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  • Writer's pictureSprinkle Spray

Let's look at the difference between a cold and the flu

With the arrival of the colder season, it's important to be aware of the differences between the common cold and the flu (influenza). While these two illnesses share some similarities, understanding their distinctions can help us make informed decisions about prevention, treatment, and overall health management.

So let's jump straight into the differences between the cold and the flu.

1. Causative Agents:

The common cold is caused by various viruses, most commonly the Rhinovirus, while the flu is caused by Influenza viruses.

2. Symptom Onset:

Colds generally have a gradual onset with symptoms appearing over a few days. Symptoms of the flu on the other hand often appear suddenly and more intensely.

3. Severity of Symptoms:

Colds typically result in milder symptoms, such as a stuffy or runny nose, sneezing, sore throat and a mild cough. The flu on the other hand, can cause more severe symptoms, including high fever (usually above 38°C), body aches, fatigue, headache, chills and a more severe cough.

4. Duration:

Colds tend to resolve within a week or two with symptoms gradually improving over time. The flu however, can last longer and may take a week or more for a complete recovery. Fatigue and weakness may persist for several weeks after the acute symptoms subside.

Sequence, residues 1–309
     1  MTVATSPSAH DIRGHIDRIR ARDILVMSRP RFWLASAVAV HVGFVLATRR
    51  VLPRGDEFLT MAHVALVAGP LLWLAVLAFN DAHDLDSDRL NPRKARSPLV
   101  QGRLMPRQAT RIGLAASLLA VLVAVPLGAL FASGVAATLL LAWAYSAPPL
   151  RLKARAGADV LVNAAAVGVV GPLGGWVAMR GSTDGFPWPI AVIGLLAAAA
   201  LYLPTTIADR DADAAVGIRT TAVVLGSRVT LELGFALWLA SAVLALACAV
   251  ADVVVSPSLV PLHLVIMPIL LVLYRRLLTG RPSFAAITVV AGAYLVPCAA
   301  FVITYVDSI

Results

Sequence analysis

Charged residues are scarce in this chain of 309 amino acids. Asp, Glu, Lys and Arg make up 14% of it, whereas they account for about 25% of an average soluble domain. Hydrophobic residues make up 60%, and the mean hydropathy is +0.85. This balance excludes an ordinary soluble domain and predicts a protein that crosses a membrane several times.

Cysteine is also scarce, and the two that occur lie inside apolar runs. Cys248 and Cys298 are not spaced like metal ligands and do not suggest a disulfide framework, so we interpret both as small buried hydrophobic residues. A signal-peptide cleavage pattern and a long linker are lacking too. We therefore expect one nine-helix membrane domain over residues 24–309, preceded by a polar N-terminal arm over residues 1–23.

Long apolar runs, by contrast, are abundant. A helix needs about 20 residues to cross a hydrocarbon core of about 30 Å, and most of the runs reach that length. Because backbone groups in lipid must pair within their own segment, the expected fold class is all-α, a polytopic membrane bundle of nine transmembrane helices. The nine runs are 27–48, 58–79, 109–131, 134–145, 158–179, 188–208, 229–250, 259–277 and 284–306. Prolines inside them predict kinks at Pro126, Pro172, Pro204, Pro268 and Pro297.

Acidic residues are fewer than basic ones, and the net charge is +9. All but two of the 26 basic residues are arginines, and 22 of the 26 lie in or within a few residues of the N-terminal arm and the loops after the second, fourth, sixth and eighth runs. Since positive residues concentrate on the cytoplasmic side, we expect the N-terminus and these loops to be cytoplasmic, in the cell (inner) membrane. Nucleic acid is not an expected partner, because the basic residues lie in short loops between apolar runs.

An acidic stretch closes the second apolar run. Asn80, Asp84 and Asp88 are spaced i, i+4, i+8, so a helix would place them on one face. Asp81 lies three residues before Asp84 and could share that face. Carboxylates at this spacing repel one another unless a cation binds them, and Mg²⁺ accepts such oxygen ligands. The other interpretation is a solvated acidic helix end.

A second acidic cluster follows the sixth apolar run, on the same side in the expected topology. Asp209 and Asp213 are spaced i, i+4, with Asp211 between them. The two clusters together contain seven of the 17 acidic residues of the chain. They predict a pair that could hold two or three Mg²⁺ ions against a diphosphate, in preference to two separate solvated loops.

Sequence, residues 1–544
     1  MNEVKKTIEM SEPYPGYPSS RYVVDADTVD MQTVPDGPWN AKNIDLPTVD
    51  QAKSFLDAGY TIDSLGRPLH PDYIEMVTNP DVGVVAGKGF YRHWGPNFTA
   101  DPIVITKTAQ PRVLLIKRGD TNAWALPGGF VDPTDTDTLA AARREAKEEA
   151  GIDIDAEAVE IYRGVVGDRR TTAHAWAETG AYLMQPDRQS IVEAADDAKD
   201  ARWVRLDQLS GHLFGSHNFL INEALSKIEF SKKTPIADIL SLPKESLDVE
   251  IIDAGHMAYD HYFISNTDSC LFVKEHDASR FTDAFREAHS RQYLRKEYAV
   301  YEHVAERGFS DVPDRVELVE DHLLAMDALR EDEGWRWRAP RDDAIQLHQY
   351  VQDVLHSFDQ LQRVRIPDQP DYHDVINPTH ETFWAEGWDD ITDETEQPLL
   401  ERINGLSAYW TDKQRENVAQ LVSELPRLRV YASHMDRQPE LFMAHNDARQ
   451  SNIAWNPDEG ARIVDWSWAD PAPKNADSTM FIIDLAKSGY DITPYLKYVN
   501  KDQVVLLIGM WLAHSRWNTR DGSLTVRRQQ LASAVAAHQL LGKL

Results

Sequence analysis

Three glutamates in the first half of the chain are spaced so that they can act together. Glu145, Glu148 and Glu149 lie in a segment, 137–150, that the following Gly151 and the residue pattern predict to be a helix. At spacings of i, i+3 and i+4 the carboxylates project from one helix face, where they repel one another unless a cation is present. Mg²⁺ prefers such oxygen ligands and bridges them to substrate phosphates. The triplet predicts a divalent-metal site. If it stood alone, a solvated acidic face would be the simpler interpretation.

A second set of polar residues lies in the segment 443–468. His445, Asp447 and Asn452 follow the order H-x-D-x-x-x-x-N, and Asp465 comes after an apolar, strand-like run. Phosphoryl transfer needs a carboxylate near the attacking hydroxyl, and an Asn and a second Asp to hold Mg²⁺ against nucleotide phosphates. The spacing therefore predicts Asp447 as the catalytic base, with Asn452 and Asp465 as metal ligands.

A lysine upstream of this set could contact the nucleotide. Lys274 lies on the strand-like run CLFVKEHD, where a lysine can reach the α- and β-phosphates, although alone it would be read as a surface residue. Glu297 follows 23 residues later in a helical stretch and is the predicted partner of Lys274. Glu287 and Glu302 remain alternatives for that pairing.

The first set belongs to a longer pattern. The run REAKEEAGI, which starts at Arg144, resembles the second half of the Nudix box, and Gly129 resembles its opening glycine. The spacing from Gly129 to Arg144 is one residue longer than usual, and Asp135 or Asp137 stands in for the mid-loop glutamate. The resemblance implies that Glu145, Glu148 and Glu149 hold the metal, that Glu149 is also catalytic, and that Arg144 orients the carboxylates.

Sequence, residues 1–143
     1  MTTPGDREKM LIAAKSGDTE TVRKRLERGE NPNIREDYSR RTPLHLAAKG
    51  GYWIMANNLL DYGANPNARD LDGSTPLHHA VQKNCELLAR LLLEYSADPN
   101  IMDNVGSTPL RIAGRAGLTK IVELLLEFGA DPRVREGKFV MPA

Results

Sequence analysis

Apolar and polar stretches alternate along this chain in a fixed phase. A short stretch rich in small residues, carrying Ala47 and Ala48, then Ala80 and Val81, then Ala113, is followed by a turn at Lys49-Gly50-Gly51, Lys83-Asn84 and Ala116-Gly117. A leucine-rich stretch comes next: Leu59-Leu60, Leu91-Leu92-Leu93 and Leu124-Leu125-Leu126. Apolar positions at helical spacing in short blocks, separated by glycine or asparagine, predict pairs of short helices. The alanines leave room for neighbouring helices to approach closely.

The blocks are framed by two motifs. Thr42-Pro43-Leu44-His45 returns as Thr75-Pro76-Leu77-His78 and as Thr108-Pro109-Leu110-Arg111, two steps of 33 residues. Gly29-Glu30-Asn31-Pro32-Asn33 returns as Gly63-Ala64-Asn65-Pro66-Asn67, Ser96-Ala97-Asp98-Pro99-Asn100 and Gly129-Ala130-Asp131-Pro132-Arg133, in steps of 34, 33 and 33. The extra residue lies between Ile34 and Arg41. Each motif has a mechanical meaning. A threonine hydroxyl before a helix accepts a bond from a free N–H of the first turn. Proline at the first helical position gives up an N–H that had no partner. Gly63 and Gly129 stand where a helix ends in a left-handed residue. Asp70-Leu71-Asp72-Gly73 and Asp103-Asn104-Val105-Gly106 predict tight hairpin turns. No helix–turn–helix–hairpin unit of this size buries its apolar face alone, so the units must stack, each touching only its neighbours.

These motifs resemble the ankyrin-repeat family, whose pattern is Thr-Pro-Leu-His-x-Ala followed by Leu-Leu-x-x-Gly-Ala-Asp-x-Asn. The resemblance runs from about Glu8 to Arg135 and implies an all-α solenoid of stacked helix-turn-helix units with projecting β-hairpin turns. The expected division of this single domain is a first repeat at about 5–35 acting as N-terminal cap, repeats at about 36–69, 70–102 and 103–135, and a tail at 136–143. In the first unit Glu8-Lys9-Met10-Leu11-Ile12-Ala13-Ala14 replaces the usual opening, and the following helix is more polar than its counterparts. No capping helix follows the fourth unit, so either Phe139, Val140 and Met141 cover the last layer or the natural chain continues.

5. Complications:

While both a cold and the flu can lead to complications, the flu is generally associated with a higher risk of complications especially in certain populations, such as young children, older adults, pregnant women and individuals with weakened immune systems. Serious complications of the flu can include Pneumonia, Bronchitis, Sinus infections and the worsening of an existing medical condition.

6. Vaccination:

Vaccination is available for the flu and is recommended annually. Vaccines are designed to protect against the most prevalent strains of Influenza viruses each season. Unfortunately no vaccines are available for the common cold due to the vast number of viruses that can cause it.

7. Prevention and Treatment:

- Proper hand hygiene is important. Always wash your hands with soap & water frequently for at least 20


- Avoid close contact with infected individuals

- Always cover your nose and mouth when sneezing or coughing

- Always disinfect and clean surfaces regularly

- Make use of the SprinkleSpray weekly disinfecting program to ensure that all areas are

covered. Our disinfectant has been tested against many viruses including Influenza, many

types of bacteria, fungi and mould

It's worth noting that the information provided is a general overview and individual experiences may vary. If you experience severe symptoms or have concerns about your health, it is always advisable to consult with a healthcare professional for an accurate diagnosis and appropriate guidance.

Being part of the SprinkleSpray disinfecting program it will help to ensure that a healthier environment is created at your home and facility and will provide peace of mind by offering full room coverage. If you are not yet part of our program, reach out to us, we are happy to assist.

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